Of course, then one has to ask if some people, by virtue of their middle class economic status, are somehow less deserving than the rest of us of a good Islamic education?

    Better ‘ulema than Sheikh Hamza advised much worse people… tyrants than GWB.

  29. salaams

    Umar

    Ok, let me get this straight. We are critisizing the salafis for being out of touch and uneducated, but yet the Hamza Yusuf supporters are critisized for HAVING education? (Yuppie??)

    Are we critisizing for the sake of it here?

    I have seen Marqas offer some solutions to the madness of these people…can you offer any Umar?

  30. Assalamu alaikum, well, I guess if Zaytuna is a “yuppy” organization, or “yuppies” go there, well, then I guess I’m a yuppy, then. Because I think they’re a highly respected organization! So I guess I’m a yuppy / kafir / “my bllod is halal”, yeah, some really extreme Wahhabis / Salafis / whatever you want to call it would say this, and this is how these types of people use this as a justification to kill fellow Muslims and non-Muslims.

    Am I saying that all “salafis” are this way, no, but when you see whole websites dedicated to nothing more th denigrating peole such as Shaikh Hamza Yusuf, Imam Zaid Shakir, Et al., well, it just makes me angry. Sorry but it does! If you want to follow the Salafi methodolgy fine, but leave those of us whole follow a different opinion alone. I don’t call you a kafir just becuase you call yourself a “Salafi” or whatever you choose to call yourself. So I just ask to please don’t call me one! And I never should have looked at the clarifications.blogspot.com site. Ugh…

    I really don’t know hwo to put what else I want to say into words. And maybe it’s better that I don’t. But in short, I will say that the problem with the “Salafi” methodology is the throwing out of any kind of foundation for fiqh. From what I understand, many “Salafi” groups advocate an approach of throwing out the last 1,000 years or so of Islamic scholarship and “returning to the Qur’an and Sunnah”. How do we do this? Which books of ahaddith do we use? Which of the 7? is it? recitations of the Qur’an do we use? Or do we use the Warsh or the Hafs? Or is one an bida and one not? Hmmm. There is just such a vast wealth of Islamic knowledge, why should we throw it all away for just Sahih Muslim, Sahih Bukhari, the writings of Ibn Tamiyya, Ben Baz, and the others I cna’t think of right now? Islam, or I should say, Islamic scholarship is so much more vast than that. Why throw it all away? For what?

    And what is the “purified Sunnah” the “authentic Sunnah” the “correct manhaj (sorry for the spelling)? Are differences of opinion good or not? Are they a “bida” or not? I’m just putting some questions out there.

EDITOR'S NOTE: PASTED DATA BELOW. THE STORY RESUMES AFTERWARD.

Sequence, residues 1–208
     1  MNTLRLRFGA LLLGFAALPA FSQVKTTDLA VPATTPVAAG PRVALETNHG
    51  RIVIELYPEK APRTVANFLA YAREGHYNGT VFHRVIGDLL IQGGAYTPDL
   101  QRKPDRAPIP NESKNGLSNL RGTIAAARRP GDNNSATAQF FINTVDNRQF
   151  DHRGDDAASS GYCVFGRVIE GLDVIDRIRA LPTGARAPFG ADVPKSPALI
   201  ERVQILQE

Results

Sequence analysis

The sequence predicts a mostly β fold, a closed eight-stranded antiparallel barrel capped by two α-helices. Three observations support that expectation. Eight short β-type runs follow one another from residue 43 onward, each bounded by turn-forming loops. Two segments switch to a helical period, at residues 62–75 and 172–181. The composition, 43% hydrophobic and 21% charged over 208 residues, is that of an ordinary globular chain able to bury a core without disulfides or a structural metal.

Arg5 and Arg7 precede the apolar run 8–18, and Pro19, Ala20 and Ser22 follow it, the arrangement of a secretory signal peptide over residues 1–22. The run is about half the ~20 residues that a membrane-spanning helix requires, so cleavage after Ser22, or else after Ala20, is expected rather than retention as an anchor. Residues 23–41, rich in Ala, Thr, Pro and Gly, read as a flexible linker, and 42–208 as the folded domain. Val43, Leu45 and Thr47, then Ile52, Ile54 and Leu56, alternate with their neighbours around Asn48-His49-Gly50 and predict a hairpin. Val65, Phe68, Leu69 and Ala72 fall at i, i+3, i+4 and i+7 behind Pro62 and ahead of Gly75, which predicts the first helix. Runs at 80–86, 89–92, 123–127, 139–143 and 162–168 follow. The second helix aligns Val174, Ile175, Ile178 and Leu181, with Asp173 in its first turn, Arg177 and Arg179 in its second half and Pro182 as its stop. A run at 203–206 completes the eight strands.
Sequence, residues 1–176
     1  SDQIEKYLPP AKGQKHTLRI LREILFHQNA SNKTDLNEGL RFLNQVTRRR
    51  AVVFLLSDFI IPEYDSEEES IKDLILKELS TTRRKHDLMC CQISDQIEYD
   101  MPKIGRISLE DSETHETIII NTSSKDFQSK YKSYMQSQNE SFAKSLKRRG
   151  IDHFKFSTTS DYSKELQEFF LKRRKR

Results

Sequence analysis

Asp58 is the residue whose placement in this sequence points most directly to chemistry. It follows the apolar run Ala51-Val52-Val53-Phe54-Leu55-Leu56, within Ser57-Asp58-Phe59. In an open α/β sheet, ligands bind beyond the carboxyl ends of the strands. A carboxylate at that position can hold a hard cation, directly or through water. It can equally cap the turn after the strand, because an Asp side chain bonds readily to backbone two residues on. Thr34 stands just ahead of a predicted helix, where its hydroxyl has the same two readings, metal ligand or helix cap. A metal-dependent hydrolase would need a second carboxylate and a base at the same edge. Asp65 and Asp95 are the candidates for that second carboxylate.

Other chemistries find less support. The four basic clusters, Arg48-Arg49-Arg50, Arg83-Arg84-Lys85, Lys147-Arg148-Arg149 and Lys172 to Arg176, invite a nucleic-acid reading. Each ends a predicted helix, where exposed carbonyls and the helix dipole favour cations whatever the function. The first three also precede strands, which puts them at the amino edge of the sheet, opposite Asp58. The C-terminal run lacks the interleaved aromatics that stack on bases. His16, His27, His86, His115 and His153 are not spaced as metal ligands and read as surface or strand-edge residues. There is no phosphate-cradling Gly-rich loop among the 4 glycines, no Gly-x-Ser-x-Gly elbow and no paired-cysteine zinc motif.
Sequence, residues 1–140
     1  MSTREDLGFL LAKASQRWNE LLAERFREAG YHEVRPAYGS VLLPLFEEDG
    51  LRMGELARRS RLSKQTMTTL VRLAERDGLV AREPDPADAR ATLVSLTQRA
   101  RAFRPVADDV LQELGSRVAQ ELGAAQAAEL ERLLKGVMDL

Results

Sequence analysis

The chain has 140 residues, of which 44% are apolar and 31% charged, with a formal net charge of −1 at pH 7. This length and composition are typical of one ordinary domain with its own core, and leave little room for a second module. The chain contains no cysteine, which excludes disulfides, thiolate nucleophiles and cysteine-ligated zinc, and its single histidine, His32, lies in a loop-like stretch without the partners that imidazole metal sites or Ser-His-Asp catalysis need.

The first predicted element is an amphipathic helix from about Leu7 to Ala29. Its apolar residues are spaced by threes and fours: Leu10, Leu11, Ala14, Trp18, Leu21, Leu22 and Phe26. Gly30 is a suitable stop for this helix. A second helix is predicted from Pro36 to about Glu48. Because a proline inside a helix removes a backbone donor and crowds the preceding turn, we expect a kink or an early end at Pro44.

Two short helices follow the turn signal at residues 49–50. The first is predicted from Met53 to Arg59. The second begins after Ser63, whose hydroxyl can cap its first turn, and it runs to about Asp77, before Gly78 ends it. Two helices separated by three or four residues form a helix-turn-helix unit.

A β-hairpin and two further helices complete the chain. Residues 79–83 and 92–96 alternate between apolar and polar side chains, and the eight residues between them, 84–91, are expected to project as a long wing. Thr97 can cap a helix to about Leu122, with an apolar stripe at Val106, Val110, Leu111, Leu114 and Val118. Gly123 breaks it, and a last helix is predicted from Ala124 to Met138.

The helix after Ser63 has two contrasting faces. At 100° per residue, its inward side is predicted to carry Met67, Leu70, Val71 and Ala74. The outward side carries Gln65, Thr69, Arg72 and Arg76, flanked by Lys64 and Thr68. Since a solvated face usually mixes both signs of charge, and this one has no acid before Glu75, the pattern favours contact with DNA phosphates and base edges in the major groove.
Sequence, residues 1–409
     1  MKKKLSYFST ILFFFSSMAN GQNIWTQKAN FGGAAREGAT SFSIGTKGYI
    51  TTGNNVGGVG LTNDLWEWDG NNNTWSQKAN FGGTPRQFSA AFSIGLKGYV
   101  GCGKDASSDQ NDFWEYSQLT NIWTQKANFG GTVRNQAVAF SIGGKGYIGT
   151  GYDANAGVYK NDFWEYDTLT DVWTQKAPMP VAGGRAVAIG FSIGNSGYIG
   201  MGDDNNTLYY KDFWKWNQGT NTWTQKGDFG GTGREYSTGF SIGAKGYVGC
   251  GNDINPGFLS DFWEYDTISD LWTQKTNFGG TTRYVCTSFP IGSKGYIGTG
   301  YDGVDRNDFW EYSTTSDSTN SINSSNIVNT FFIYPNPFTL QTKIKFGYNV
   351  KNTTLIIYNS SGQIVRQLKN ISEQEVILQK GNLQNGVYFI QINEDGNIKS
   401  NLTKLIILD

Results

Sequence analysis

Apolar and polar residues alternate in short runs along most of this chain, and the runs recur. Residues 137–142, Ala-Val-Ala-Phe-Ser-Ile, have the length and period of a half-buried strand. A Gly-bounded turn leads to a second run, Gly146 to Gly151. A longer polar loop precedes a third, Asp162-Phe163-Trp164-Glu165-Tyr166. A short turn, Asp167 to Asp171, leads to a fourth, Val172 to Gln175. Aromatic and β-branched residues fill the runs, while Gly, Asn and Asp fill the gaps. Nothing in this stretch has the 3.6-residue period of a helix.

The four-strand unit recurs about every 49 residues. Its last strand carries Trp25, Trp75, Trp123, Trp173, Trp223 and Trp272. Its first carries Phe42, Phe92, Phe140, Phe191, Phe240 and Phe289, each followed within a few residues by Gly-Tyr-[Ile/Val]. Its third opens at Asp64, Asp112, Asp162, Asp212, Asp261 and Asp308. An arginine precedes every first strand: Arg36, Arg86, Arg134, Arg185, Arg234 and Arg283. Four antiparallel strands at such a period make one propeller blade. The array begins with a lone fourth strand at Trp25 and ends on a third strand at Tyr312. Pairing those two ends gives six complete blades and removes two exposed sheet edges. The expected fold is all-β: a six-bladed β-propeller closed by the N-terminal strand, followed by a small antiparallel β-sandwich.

For me, I follow a madhhab. I trust Zaytuna. So what does that make me? A yuppy kafir I guess, huh?

    It’s just so sad. We’ve lost a great Muslimah, in the person of Umm Ibrahim, Shaik Muhammad Al-Yakoubi’s wife, and yet there are even articles refuting him? Would some of these so-called “Salafi” people call them kafirs? Subhanallah.

    I just want to cry!? For a myriad of reasons!? Islam is just so beautiful and vast, and yet some want to reduce it to just a narrow few sources and sayings and be done with it, and that’s just sad. Anyway, I should go now, before I make even more of a fool of myself than I already have!

  31. Umar said, “cant we all just hold hands and go out once a year and give out turkeys on thanksgiving.”

    Well, I’m free that Thursday if you are.

  32. yuppie was not said as something bad, it was just an observation of what kind of people are attracted to that group.

    Yes we are the ummah of the middle path; but not the middle path of all, the middle path of those within the deen, at least that is what some scholars say.

    There is a religous lie of thought, prominent in religous graduate programs, that say what you belive does not matter, doctrine does not matter, and trying to find truth oes not matter; the only thing that matters is being good people and giving to the poor what not.

    This same rationale is used to denergrate Americans who vote against their class interests because they will not vote for those advancing the gay agenda and abortion.

    That is what I mean by mushy middle; nothing matters, who says I am right and you are wrong, cant we all just hold hands and go out once a year and give out turkeys on thanksgiving.

    One thing is clear, I do not know you brother, but from your writers, you have ZERO knowledge of Salafis.

    I am also critical of Salafis; but I know who is and who sint a Salafi for starters.

  33. Ginny, calm down. First of all these sites do not call these people kafir they call them deviants but do not say they are not Muslims. The ones that would call Hamza or Zaid kufar will more than likely call Saalfis kufar. That is a main problem; people blame shit on Salafis that ahs nothing to do with Salafis.

  34. It seems that our brother Umar has COMPLETELY missed the point. I think people, including Marqas, have made it clear that the salafis are not *THE* problem, but a problem.

    Here’s the point: African Americans have massive problems that the salafis IGNORE because they think they are in their own world.

    That movement outside of Philly and NY/NJ area is fading away fast.